FROM WRECKAGE OF CHURCH, A SALVATION

Prized stained-glass windows from collapsing Albany church delicately moved from walls for safekeeping

BRYAN FITZGERALD SPECIAL TO THE TIMES UNION
Section: Capital Region,  Page: D1

Date: Thursday, July 14, 2011

ALBANY -- In the basket of a cherry picker 40 feet off the ground, Dominic Ditonno raised a 10-pound sledgehammer and chipped away at the north tower of Trinity Church on Wednesday. Wood, wire, brick and dust tumbled to the street and past the South End landmark's shuttered stained-glass windows.


Sandwiched with plywood to protect them from falling debris, the windows, thought to be the work of Louis Comfort Tiffany, will be carefully removed and placed in storage until it is determined whether they are worth hundreds, thousands, or possibly millions of dollars -- and to whom they belong.


On Tuesday, six of the windows were etched out of the brick walls and pulled from the church by the Ditonno and Sons demolition company, a possible consolation prize in the demolition of the 163-year-old house of worship that suddenly began to collapse Monday night.


"They were so delicate with the windows, it was amazing" said Harris Oberlander, CEO of the Trinity Alliance, a community outreach center next door to the church at 31 Trinity Place. "It was like they were delivering a baby."


Susan Holland, executive director of the Historic Albany Foundation, said an expert in antique glass, most likely an appraiser, will be brought in to determine whether the windows are indeed Tiffany glass.


Dominic Ditonno, head foreman for Ditonno and Sons, contracted by the city to raze the church, said a dozen windows remained inside the church on Wednesday afternoon, some as tall as 25 feet and weighing close to a ton.


Whether the building's owner, the city or the demolition company owns the windows will depend on their value and, possibly, ensuing litigation.


Albany Fire Chief Robert Forezzi said Ditonno and Sons legally owns all debris it pulls from the building, but if the windows are Tiffany glass, they may not qualify as debris because of their value. The Albany Episcopal Diocese could not confirm whether the windows are Tiffany.


"This is a very unusual situation. It's the first time we've had to deal with something like this," Forezzi said.


The chief said the building's owner, Amanda Indarpaul, may not be entitled to the windows because she never registered the church with the city's vacant building registry, a requirement upon its purchase. Indarpaul, of the Bronx, bought the church for $500 at a vacant-building auction this past October. The deal was closed in February.


The city sent Indarpaul a letter telling her to register the church, but she never responded, Forezzi said. Officials have not been able to contact Indarpaul since the demolition began and has asked the New York City Police Department to help locate her, Forezzi said.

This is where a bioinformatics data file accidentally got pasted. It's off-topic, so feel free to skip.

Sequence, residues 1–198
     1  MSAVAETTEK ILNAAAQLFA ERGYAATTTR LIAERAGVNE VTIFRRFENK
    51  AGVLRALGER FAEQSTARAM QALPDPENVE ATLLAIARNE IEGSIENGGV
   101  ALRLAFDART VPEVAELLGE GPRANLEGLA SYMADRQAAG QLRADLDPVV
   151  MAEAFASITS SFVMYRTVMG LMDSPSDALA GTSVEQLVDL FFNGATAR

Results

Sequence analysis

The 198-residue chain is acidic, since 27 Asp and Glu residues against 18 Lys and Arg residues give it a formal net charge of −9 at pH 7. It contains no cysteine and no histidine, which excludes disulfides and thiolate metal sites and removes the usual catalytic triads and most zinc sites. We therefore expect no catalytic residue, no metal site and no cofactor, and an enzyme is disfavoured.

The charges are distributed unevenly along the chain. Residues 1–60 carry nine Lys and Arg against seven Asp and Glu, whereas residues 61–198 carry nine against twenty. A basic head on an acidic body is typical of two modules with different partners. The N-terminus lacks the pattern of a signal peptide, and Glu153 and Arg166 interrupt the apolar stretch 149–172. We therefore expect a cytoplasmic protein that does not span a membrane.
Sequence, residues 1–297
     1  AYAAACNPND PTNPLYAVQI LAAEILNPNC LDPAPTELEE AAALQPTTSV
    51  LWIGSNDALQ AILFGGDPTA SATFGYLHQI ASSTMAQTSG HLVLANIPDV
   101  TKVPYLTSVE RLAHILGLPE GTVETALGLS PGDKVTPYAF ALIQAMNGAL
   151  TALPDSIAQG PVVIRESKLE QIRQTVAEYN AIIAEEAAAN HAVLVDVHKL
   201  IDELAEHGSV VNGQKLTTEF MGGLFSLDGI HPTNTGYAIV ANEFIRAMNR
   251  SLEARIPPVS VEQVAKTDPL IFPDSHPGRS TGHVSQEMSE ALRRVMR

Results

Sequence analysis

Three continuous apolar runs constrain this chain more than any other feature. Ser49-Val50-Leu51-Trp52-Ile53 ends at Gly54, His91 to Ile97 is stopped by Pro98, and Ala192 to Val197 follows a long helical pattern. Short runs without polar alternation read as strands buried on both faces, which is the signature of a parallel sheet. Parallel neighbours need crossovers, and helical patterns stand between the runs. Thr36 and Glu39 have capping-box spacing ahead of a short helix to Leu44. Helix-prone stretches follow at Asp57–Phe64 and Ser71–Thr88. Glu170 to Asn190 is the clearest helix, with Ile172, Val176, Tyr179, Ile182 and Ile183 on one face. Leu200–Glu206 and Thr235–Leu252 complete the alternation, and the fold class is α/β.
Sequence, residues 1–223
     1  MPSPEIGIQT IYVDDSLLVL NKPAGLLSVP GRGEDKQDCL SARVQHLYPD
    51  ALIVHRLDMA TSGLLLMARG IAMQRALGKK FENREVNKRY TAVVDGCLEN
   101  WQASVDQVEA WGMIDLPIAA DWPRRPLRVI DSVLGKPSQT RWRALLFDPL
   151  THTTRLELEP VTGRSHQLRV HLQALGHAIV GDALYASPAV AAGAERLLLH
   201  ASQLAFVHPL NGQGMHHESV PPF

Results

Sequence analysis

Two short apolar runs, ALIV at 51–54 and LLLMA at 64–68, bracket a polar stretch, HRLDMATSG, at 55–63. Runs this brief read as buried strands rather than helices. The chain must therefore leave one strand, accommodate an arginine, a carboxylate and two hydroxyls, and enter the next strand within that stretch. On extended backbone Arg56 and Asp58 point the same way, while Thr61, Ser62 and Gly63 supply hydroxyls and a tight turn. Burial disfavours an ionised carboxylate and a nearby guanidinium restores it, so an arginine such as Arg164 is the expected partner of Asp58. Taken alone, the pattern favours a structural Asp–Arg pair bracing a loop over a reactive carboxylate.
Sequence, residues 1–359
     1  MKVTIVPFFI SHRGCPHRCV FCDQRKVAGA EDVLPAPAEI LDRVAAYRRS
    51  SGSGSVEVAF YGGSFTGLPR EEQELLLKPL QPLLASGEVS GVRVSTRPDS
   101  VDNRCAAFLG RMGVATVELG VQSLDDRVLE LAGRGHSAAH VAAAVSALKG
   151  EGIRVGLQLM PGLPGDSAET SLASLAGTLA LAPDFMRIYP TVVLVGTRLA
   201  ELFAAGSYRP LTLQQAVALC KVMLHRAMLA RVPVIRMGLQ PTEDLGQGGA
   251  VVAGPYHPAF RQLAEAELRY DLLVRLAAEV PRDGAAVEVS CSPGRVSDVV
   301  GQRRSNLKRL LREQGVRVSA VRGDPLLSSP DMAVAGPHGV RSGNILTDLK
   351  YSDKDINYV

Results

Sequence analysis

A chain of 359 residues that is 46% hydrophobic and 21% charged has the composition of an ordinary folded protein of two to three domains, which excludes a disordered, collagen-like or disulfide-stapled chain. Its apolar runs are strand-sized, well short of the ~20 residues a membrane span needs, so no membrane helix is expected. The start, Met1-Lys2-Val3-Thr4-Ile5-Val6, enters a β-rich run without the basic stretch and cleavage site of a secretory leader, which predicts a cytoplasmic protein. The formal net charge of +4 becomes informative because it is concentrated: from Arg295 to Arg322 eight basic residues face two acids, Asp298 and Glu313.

The city is paying for the $141,000 demolition and plans to locate Indarpaul and compel her to pay the bill. Indarpaul could not be reached for comment Tuesday or Wednesday.


Some two dozen people were forced from their homes because of the demolition. The Trinity Alliance relocated most of its programs to other parts of the city.


Tiffany glass revolutionized and dominated the American stained-glass business in the late 19th- and early 20th centuries, introducing a new style of glassmaking based on creating a spectacular array of effects with glass alone, rarely using paint. According to the New York Landmarks Conservancy, Tiffany glass can be identified in several ways, including by a signature, the way clothing is depicted or the use of copper foil.


The church, completed in 1848, was designed by James Renwick Jr., a renowned architect who laid the blueprint for St. Patrick's Cathedral in Manhattan and the Smithsonian Castle in Washington, D.C. The church was shuttered in 1982 and turned over to Albany County after foreclosure in 2007.


County Executive office spokeswoman Mary Duryea said the church was inspected 12 times since the county took ownership. Duryea said that inspectors noted the building was in poor condition, but nothing indicated it was in danger of collapsing. Forezzi said the building had not been inspected by the city since Indarpaul closed on it. Indarpaul filled out a mandatory post-auction questionnaire about her plans for the historic site. Indarpaul wrote she was going to turn the church into a center to "promote cultural events." She said she expected the restoration to cost $30,000 and take nine to 12 months. The plan and transfer of property were approved by the county legislature.


Forezzi doubted the value of Indarpaul's plan, noting, "$30,000 worth of work would likely not be enough to even stabilize that building."


Forezzi said the careful, bit-by-bit demolition may continue into the weekend. Due to the church's thin, frail walls, its north and south towers must be taken apart by hand with a sledgehammer.


Reach Fitzgerald at 454-5414 or at bfitzgerald@timesunion.com.